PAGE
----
For the Good of the Gulf: UNC Law Winter/Spring Break Pro Bono Project

Monday, March 14, 2011

Alligators, jazz bands, nutria rats….and divorce petitions—oh my!

Alligators, jazz bands, nutria rats….and divorce petitions—oh my! I had no idea what to expect when I arrived in New Orleans, but I ended up being really surprised about how much the city has to offer and how grateful people are to have our help. Because I took I took family law last semester, I was excited about applying what I learned while volunteering at the Pro Bono Project.

I helped clients obtain simple divorces called 103(1) divorces. I completed divorce petitions, interviewed clients, and filed documents at court. I learned about small differences between two different parishes (aka counties), and about the procedural differences between couples that have minor children, adult children, or no children. Most importantly, Matt at the Pro Bono Project taught me to never, ever punch holes in a document that needs to go to court (Sorry Matt!). I never thought of the word “divorce” as having happy, positive connotations, but the clients we helped were so excited and grateful to begin the divorce process. All of the clients had unique stories to share, and many of them needed our help so they could move on with their lives.

Aside from the client interaction, one of my favorite parts of the trip was experiencing the Louisiana culture. The staff at the Pro Bono Project immediately introduced us to the vibrant New Orleans culture with a King Cake for breakfast on our first day. It was delicious and completely unexpected. It was just the beginning. One afternoon, we took a swamp tour through a bayou where I got to hold a baby alligator and see nutria, which are nasty, gigantic swamp rats. Even though alligator is on every restaurant menu in New Orleans, I associate the city with music. People play music on street corners, in clubs, in restaurants, everywhere.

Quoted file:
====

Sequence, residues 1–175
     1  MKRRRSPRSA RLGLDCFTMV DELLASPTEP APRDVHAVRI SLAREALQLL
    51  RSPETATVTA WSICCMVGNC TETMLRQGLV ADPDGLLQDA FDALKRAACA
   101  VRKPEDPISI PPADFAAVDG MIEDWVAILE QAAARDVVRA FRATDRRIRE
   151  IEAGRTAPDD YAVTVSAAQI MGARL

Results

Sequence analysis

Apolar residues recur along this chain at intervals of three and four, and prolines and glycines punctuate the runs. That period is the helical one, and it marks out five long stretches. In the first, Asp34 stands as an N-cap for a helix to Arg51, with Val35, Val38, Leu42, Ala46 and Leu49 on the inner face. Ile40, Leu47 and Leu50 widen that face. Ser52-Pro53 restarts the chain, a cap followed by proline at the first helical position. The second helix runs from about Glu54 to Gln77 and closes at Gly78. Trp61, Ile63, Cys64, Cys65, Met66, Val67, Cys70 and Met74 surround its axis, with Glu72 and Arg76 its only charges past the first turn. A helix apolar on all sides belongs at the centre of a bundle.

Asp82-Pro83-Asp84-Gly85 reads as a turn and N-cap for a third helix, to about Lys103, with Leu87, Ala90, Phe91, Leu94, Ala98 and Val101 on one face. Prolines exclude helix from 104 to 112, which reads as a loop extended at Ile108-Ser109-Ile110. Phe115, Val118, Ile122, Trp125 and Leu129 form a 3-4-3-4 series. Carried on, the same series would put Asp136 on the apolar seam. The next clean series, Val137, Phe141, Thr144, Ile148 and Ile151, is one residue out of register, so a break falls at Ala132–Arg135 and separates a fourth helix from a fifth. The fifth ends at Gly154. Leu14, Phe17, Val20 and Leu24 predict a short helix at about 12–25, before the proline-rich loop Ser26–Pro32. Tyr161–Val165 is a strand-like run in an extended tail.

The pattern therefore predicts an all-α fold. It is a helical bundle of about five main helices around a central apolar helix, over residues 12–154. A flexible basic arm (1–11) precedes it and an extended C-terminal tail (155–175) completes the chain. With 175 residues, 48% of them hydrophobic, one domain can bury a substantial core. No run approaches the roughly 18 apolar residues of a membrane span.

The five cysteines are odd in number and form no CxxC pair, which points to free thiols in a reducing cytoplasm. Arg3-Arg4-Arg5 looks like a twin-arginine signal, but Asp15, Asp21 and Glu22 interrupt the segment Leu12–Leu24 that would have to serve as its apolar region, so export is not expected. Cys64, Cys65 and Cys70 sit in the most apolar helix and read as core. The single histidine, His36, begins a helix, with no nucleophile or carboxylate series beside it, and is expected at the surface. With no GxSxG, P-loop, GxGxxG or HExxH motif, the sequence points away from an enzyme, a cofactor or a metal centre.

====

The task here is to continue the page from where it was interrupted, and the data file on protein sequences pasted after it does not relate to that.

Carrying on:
Overall, I learned a lot, gained valuable client intake skills, and got to apply the black letter law I learned in school. More importantly, I feel like the work that UNC Law did in New Orleans was much needed and appreciated. In turn, we enjoyed and appreciated all that the special city has to offer.

Elizabeth Ann Ruiz


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